The terrain of mental health is complex and intricate. In this labyrinth, one area often overlooked is the impact of nutrition on our mental wellness. Interestingly, food supplements have emerged as potent allies in the quest for a healthy mind, playing instrumental roles in addressing issues such as anxiety, stress, and sleep disorders[^1^].
FOOD SUPPLEMENTS: UNRAVELING THE MYSTERY
Food supplements, as their name suggests, supplement our diet, adding to the nutrients we consume through regular meals. They come in various forms and compositions, providing us with vitamins, minerals, fatty acids, and amino acids that might be lacking in our diets[^2^].
While not intended to replace balanced meals, these supplements can play a crucial role in improving our overall health, including our mental well-being.
FOOD SUPPLEMENTS AND MENTAL HEALTH: THE INTRICATE LINK
Let’s delve deeper into how specific supplements can help address some common mental health challenges.
STRESS AND ANXIETY: FINDING CALM IN THE CHAOS
Omega-3 Fatty Acids: The Tranquil Sea
Omega-3 fatty acids, particularly EPA and DHA, have been hailed as key players in maintaining brain health. Studies have connected deficiencies in these nutrients to mental health disorders such as anxiety[^3^].
Magnesium: The Magic Mineral
Magnesium is involved in a myriad of biochemical reactions within our bodies. Recent studies suggest it may play a pivotal role in managing anxiety symptoms[^4^].
Ashwagandha: The Ancient Pacifier
Ashwagandha, a traditional herb used in Ayurvedic medicine, has demonstrated potential benefits for mental health. Research suggests it may help reduce stress and anxiety, making it a strong candidate for mental wellness supplementation[^5^].
IMPROVING SLEEP: THE QUEST FOR REST
CBD Oil: The Dream Weaver
CBD oil has received significant attention for its potential to improve sleep quality. Studies indicate it might help individuals suffering from insomnia, possibly by reducing anxiety levels, which often disrupt sleep[^6^].
Vitamin D: The Sunshine Supplement
Interestingly, Vitamin D has been linked to sleep quality. Some studies suggest that Vitamin D deficiency might be associated with shorter sleep duration[^7^].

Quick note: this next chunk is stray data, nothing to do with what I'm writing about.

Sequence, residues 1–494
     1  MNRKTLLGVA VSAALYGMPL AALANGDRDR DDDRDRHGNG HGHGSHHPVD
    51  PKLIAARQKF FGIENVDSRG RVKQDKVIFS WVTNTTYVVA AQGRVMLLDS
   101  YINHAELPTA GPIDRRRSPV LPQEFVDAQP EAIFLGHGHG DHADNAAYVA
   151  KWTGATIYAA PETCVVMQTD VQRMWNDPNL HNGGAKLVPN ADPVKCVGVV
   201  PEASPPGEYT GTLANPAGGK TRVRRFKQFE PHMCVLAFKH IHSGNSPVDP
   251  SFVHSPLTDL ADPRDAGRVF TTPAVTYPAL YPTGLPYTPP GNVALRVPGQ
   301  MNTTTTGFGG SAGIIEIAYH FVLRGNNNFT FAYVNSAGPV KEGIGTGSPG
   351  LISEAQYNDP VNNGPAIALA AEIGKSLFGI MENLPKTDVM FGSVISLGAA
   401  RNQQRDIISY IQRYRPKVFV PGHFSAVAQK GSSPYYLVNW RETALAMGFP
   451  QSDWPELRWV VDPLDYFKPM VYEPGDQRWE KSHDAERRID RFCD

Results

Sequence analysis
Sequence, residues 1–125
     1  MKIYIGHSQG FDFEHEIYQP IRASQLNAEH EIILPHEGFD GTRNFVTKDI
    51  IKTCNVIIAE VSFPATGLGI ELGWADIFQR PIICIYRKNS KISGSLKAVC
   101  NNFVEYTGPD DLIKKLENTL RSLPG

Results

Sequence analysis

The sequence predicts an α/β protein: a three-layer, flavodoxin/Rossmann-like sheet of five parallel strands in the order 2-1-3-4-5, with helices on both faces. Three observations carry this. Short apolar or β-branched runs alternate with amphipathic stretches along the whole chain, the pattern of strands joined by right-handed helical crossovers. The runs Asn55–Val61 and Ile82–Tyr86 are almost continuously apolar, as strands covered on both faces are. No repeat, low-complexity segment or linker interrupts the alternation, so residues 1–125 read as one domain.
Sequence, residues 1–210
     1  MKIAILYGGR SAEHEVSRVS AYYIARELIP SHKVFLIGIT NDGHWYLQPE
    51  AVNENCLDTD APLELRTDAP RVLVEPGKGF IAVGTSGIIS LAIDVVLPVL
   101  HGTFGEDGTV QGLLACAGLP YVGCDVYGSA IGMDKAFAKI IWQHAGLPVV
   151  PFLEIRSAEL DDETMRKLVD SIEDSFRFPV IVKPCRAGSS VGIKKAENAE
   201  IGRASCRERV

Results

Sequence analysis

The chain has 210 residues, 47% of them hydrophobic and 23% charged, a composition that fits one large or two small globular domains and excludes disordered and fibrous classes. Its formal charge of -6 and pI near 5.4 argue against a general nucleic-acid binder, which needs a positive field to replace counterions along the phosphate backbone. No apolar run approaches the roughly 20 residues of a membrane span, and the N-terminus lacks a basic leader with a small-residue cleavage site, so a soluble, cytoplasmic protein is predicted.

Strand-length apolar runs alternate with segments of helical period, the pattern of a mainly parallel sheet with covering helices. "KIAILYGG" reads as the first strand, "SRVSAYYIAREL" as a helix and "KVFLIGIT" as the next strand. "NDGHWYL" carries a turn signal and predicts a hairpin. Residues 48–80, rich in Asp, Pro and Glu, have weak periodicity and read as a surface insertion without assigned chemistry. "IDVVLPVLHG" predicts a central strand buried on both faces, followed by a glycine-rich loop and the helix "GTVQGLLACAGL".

BOOSTING COGNITIVE FUNCTION: A MENTAL UPLIFT
B Vitamins: The Cognitive Catalysts
B Vitamins, particularly B6, B9, and B12, are essential for brain function. They participate in processes such as energy production, DNA repair, and gene regulation. Studies suggest that deficiencies in these vitamins may contribute to depression and cognitive decline[^8^].
Nootropic Mushrooms: Nature’s Brain Booster
Specific mushroom species, like Lion’s Mane, are revered for their cognitive enhancing properties. These mushrooms might stimulate nerve growth and improve cognitive function, offering potential benefits for mental health[^9^].
AN IMPORTANT REMINDER
While the potential of food supplements in promoting mental wellness is promising, they should not replace professional mental health services. It’s crucial to remember that each individual’s nutritional needs and responses to supplements can vary, underlining the importance of personalized healthcare advice[^10^].
The journey to mental wellness is unique to each individual. Food supplements, with their potential to fill nutritional gaps, can offer valuable support along this journey. As research progresses, the hope is to better understand these nutrients and harness their full potential in our quest for mental wellness.
- Sarris, J., Logan, A. C., Akbaraly, T. N., Amminger, G. P., Balanzá-Martínez, V., Freeman, M. P., Hibbeln, J., Matsuoka, Y., Mischoulon, D., Mizoue, T., Nanri, A., Nishi, D., Ramsey, D., Rucklidge, J. J., Sanchez-Villegas, A., Scholey, A., Su, K. P., Jacka, F. N.; International Society for Nutritional Psychiatry Research (2015). Nutritional medicine as mainstream in psychiatry. Lancet Psychiatry, 2(3), 271-274.
- Ames, B. N. (2006). Low micronutrient intake may accelerate the degenerative diseases of aging through allocation of scarce micronutrients by triage. Proceedings of the National Academy of Sciences, 103(47), 17589-17594.
- Su, K. P., Matsuoka, Y., Pae, C. U. (2015). Omega-3 Polyunsaturated Fatty Acids in Prevention of Mood and Anxiety Disorders. Clinical Psychopharmacology and Neuroscience, 13(2), 129-137.
- Sartori, S. B., Whittle, N., Hetzenauer, A., Singewald, N. (2012). Magnesium deficiency induces anxiety and HPA axis dysregulation: Modulation by therapeutic drug treatment. Neuropharmacology, 62(1), 304-312.
- Chandrasekhar, K., Kapoor, J., Anishetty, S. (2012). A prospective, randomized double-blind, placebo-controlled study of safety and efficacy of a high-concentration full-spectrum extract of ashwagandha root in reducing stress and anxiety in adults. Indian Journal of Psychological Medicine, 34(3), 255-262.
- Shannon, S., Lewis, N., Lee, H., Hughes, S. (2019). Cannabidiol in Anxiety and Sleep: A Large Case Series. The Permanente Journal, 23, 18-041.
- Majid, M. S., Ahmad, H. S., Bizhan, H., Hosein, H. Z. M., Mohammad, A. (2018). The effect of vitamin D supplement on the score and quality of sleep in 20-50 year-old people with sleep disorders compared with control group. Nutritional Neuroscience, 21(7), 511-519.
- Kennedy, D. O. (2016). B Vitamins and the Brain: Mechanisms, Dose and Efficacy—A Review. Nutrients, 8(2), 68.
- Mori, K., Inatomi, S., Ouchi, K., Azumi, Y., Tuchida, T. (2009). Improving effects of the mushroom Yamabushitake (Hericium erinaceus) on mild cognitive impairment: a double‐blind placebo‐controlled clinical trial. Phytotherapy Research, 23(3), 367-372.
- Opie, R. S., Itsiopoulos, C., Parletta, N., Sanchez-Villegas, A., Akbaraly, T. N., Ruusunen, A., Jacka, F. N. (2017). Dietary recommendations for the prevention of depression. Nutritional Neuroscience, 20(3), 161-171.